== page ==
Hunter of the lost watts
Professor of Computational Electromechanics Anouar Belahcen searches for ways to reduce energy loss from motors and transformers.
Professor Anouar Belahcen, what do you research and way?
I research magnetic materials that are used in devices that transform electric energy into motion or vis-versa through electromagnetic fields, such as motors and generators. The aim of my work is to help reduce energy loss. On first reading of a generator's efficiency percentage, a two percent energy loss may seem small, but if we suppose that the generator produces 1000 megawatts of electricity, two percent is already 20 megawatts, which corresponds to the annual energy consumption of 10 000 electricity-heated detached houses.
My research can be divided into two areas. Firstly, we measure and model materials and are thus able to optimise motors and generators. Secondly, we explore deeper into the materials themselves; we find out how they are structured and how manufacturing methods affect energy loss levels.
How did you become a researcher?
I knew already when I was taking my matriculation examination that I wanted to study to doctoral level. When I came here for master’s studies, I met a professor who considered my grades to be so good that he offered me work in his research group. In the laboratory, I realised that this is exactly what I had been doing as a child – coiling small transformers. And I’ve stuck with it ever since.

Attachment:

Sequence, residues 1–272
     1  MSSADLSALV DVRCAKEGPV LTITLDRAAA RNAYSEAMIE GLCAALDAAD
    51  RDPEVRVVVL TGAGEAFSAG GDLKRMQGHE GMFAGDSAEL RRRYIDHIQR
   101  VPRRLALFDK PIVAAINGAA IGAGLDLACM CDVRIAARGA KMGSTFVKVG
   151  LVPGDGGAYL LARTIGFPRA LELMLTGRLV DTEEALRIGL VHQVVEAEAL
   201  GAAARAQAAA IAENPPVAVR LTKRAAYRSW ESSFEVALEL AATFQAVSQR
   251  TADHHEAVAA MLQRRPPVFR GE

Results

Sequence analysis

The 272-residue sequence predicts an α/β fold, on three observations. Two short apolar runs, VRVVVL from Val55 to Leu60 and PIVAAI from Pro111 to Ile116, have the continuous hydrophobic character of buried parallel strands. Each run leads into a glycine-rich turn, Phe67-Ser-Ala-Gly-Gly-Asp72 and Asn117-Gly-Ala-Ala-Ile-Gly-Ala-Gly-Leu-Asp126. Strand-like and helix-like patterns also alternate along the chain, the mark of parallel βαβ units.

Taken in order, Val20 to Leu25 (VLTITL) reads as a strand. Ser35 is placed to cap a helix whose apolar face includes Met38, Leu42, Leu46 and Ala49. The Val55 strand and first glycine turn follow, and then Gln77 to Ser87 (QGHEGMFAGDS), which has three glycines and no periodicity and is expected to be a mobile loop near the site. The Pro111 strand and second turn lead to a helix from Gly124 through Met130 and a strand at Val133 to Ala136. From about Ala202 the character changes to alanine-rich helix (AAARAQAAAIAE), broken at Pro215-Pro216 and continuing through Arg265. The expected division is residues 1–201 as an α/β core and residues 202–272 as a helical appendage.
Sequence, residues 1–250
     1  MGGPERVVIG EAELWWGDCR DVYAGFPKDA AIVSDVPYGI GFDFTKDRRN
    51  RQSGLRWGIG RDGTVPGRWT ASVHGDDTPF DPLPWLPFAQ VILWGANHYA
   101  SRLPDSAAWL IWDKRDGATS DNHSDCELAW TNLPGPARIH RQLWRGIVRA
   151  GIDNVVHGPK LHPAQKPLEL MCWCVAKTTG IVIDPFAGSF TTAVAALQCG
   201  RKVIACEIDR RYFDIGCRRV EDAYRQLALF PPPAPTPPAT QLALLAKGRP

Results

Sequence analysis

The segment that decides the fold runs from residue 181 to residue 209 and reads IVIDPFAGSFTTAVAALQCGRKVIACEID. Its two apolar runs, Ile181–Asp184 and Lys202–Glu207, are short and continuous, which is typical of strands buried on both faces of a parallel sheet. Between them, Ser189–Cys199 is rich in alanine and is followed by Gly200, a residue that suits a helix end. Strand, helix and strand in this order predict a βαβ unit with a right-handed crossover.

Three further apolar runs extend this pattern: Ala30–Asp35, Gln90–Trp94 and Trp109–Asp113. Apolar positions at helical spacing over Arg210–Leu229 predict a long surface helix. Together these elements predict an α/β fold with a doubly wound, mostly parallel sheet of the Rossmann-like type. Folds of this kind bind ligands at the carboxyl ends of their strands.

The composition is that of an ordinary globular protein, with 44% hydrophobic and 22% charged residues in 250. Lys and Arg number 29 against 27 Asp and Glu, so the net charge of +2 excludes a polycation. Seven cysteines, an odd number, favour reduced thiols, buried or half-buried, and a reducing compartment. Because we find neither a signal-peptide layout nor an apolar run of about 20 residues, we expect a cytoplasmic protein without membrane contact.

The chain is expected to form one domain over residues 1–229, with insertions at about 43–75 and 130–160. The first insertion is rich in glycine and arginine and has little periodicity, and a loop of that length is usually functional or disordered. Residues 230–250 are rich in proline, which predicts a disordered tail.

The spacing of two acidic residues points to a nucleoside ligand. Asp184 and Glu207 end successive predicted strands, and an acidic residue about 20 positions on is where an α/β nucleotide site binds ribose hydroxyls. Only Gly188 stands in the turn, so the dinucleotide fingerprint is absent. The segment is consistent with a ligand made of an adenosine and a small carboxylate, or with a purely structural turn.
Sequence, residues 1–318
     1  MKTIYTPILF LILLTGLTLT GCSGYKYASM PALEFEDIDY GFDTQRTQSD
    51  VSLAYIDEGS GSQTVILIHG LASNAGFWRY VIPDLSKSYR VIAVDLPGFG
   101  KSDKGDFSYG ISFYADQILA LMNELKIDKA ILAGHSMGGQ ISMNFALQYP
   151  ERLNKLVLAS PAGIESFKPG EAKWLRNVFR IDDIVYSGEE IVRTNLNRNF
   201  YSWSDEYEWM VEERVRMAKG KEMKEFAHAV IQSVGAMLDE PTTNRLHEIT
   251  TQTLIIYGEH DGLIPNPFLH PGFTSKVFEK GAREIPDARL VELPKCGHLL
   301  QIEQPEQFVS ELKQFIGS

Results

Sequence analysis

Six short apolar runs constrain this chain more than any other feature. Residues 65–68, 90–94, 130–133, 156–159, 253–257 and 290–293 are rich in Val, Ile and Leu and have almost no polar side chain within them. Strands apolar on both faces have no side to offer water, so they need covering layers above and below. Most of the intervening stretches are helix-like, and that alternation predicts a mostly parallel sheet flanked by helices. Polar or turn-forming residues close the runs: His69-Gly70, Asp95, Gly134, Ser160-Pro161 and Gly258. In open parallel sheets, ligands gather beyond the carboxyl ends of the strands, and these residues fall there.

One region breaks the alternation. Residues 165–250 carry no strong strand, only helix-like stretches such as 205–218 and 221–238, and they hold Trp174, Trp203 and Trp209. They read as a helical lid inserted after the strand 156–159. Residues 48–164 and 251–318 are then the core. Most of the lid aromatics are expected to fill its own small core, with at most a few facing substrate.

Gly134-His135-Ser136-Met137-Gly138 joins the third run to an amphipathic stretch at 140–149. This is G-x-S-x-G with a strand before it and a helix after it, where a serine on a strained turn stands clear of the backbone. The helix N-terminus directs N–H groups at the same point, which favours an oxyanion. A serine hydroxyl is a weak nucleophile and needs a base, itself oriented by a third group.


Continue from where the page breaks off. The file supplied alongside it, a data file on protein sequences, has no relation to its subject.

What have been the highlights of your career?
I enjoyed writing my doctoral dissertation, but I often wondered whether anyone else was interested in the things that I was labouring away at. Then one of my articles was accepted for a conference, where I met 400 experts from the field. Many of them came and asked if they could make use of my presentation, and later my article received many citations. It was a considerable boost to my work when I realised that it had real significance.
What is the most important quality for a researcher?
Persistence is definitely the most important thing. In a researcher’s work, sometimes many months and even years go past without any concrete results. Then suddenly, when the critical mass has been obtained, you realise that you actually have something important!
The researcher moves forward patiently, taking small steps at a time, and the prize only comes at the end. Someone who wants quick results should become a designer instead.
What do you expect from the future?
Our first research area, material modelling, is going well. But in the second one, the manufacturing of materials, there is still a lot to be figured out. We are developing a model for it, and I’m sure that when we get this done we will be able to say what needs to be done to obtain what kinds of particular material properties. At this moment, in fact, experimental work is being done – we are testing a particular model to see what its results will be. Our goal is to obtain a certain kind of numerical prototyping of materials.
Anouar Belahcen and the other recently tenured professors at Aalto University will present their research in the multidisciplinary afternoon starting at 14.15 on 12 October. We hope to see you there!
See the lecture programme here